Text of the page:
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Counter Maritime Terrorism | The Threat Against Cruise Ships


Code Name Caribbean is about counter maritime-terrorism, a highly specialized form of counter-terrorism and the most difficult one of all. When a commercial vessel is taken over, hijacked by terrorists, you have a much more serious problem than with an aircraft standing on the apron.

Aircrafts are actually quite easy to take back and is seen as “bread and butter” work for Special Forces. I explained the techniques on storming an aircraft in Code Name Wrangler, a book that is used by many SWAT Units as training material.

Luckily, at the moment, maritime terrorist attacks are less than 1% of all terror attacks but the terrorists are changing course and coveting to take commercial vessels. All the evidence is there and is discussed in this book.

Some have already warned us of this possible threat, for example, the late Colonel Gadhafi (Libya) did so in 2012. The Taj Mahal terrorists were trained by Pakistani Special Forces (or former members, who knows, Pakistan is no friend of the West) to conduct maritime terrorism.

I also wrote a previous book on counter maritime-terrorism, Code Name Willow Bay, where we demonstrate how to approach a ship by stealth. The method used is something unique to South African Special Forces and subsequently copied by many.

How do Special Forces get to a modern ship without the terrorists knowing about it? It is much harder than you may think since neither helicopters nor rubber ducks will work (radar & sonar). Therefore, in Code Name Willow Bay the hardest target of them all was chosen, a modern warship on the open seas, not tied to a quay.

Here we explore what to do with a hijacked passenger ship. How will such a ship be rescued? There are 6,000 passengers on some of these ships, thousands of cabins and nooks to hide in. It will take a massive effort. It is the worst nightmare scenario possible. There are Special Forces Commanders that stated to me that it cannot be done. Yet, it all comes down to the same problem, how do you get onto the hijacked ship unnoticed and then bring in hundreds of Special Forces lads without a massacre taking place? We answer these questions in Code Name Caribbean.


Spymaster extraordinaire, Angelique Dawson and her team are on a British flagged passenger ship cruising in South African waters, the MV Belfast. Much to her ground commander and later husband, former Police Special Forces Company Commander, Geoffrey Foxtrot’s disgust, his enemy, MI6 spymaster Sir John McElroy is also on board.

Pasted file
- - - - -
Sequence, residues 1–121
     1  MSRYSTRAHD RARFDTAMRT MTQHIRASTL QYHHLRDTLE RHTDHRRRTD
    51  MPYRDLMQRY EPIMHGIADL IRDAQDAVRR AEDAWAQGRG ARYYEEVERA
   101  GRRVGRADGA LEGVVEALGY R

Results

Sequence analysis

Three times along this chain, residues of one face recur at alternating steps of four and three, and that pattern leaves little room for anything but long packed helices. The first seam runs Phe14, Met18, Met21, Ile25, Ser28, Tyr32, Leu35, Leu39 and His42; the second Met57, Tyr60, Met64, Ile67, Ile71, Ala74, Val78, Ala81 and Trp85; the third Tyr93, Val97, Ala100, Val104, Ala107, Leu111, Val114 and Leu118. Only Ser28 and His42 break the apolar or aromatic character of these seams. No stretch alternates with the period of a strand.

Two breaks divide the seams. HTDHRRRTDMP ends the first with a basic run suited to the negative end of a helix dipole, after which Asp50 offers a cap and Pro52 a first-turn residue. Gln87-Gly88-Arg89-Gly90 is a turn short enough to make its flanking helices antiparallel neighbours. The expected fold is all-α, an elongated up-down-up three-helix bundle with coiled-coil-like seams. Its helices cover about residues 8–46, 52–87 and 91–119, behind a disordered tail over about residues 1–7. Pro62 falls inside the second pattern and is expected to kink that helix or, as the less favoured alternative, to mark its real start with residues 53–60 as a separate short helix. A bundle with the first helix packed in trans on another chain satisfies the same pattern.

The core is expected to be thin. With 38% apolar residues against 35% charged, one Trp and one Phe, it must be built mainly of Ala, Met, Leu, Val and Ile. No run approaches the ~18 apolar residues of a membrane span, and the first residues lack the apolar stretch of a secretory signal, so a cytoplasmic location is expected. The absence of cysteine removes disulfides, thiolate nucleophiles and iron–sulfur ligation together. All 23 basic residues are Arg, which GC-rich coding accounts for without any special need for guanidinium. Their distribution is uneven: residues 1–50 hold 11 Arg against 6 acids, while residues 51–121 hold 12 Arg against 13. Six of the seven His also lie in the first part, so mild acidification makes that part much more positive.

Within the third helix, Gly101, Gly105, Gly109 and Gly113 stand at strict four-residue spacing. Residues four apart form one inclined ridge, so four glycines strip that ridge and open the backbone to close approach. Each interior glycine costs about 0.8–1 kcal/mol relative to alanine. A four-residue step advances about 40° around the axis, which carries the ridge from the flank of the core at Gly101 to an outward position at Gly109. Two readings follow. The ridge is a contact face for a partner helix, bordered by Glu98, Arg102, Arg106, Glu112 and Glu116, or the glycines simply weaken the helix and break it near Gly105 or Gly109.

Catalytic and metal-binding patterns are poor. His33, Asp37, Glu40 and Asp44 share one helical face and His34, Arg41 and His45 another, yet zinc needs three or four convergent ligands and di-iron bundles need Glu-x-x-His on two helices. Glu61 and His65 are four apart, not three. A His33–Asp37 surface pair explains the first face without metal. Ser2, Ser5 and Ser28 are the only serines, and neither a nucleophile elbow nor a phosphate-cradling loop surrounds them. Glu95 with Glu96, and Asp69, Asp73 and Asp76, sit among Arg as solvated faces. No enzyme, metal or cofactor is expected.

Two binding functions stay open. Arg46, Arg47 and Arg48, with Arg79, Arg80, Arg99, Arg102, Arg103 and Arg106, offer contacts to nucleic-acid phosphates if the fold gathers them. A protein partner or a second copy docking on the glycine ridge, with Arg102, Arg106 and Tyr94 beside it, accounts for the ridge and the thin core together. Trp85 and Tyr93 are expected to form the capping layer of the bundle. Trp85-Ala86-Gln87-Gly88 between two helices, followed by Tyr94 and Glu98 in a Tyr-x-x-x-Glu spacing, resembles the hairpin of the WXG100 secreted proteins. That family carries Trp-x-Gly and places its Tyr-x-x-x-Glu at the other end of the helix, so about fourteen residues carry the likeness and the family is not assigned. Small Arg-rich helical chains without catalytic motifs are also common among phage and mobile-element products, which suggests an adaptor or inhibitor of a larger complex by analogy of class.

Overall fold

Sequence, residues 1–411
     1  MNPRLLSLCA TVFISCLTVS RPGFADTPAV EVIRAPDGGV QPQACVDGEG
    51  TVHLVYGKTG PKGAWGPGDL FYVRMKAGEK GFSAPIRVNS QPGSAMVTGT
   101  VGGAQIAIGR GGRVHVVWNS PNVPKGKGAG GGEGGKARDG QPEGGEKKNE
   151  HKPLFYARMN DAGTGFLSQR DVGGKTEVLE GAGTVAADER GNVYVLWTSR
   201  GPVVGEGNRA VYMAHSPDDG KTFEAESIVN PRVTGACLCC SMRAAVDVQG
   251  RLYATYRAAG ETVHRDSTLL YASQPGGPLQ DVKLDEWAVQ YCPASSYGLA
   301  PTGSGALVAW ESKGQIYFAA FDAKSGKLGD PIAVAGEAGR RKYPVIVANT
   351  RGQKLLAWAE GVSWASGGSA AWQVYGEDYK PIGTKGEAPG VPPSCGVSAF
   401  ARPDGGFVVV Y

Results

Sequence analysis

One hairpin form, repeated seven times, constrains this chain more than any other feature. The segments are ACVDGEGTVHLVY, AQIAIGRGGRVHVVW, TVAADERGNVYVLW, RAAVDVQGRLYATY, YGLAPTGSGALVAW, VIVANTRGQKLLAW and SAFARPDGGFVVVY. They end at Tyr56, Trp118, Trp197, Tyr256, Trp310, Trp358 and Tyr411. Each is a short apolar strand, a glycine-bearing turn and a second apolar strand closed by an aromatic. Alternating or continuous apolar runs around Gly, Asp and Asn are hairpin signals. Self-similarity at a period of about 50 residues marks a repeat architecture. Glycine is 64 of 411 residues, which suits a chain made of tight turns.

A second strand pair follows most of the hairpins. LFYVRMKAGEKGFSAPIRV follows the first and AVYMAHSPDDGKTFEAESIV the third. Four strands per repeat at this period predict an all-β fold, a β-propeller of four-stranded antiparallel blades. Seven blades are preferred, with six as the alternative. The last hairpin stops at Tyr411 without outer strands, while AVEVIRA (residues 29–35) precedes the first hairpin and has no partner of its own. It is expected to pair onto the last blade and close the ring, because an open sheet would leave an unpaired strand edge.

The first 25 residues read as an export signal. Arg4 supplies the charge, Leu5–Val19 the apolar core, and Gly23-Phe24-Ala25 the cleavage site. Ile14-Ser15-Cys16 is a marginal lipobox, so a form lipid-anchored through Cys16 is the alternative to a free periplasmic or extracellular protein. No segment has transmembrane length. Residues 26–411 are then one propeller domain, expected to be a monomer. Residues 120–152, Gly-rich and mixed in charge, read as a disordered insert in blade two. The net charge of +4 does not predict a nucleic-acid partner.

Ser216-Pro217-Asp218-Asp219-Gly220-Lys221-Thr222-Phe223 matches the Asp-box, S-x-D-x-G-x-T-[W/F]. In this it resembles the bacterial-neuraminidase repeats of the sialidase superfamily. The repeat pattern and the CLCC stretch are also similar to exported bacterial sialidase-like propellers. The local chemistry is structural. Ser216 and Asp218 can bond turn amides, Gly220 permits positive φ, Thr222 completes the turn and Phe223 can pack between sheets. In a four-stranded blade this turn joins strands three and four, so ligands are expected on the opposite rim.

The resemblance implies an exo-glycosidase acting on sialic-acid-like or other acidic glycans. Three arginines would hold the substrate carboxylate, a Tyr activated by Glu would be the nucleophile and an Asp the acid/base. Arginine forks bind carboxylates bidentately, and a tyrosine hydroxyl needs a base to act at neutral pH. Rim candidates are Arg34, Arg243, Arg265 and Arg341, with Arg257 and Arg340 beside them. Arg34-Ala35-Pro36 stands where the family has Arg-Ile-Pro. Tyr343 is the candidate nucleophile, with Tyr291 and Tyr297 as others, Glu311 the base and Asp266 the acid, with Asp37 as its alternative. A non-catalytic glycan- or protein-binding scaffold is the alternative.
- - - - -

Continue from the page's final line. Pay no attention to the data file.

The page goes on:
Angelique wants to demonstrate the Willow Bay stealth insertion technique that she has perfected. The object is to test the counter maritime-terrorism abilities of South African Army Special Forces, working with secret agents already aboard as well as showing that it is possible for the ship to be hijacked in the first place. Thus, it will be “attacked” first and then rescued by Special Forces, using the Willow Bay Method to get aboard.

French Intelligence officers are part of the observers. Angelique has her own ideas on what to do to prove her point. She decides to kidnap Sir John despite him being surrounded by his bodyguards and she does so by rappelling down the side of the passenger ship in the middle of the night, upside down, together with a snatch team, leaving Foxtrot worried about her safety.

The sides of a passenger ship are hundreds of feet high and the ship is steaming at 18 knots in rough seas, but she is adamant. Angelique also demonstrates a new technique for removing a prisoner from a ship without anyone being wiser, an exercise so dangerous and insane that Foxtrot at first flatly refuses her permission to try. She is not amused.

If you wish to read about Covert and Special Forces Operations in sub-Saharan Africa, the GMJ Books are the place to start. You will learn about covert operations, Special Forces techniques and military history not known outside the select few.

Code Name Caribbean is the twenty-second book of the GMJ Series.

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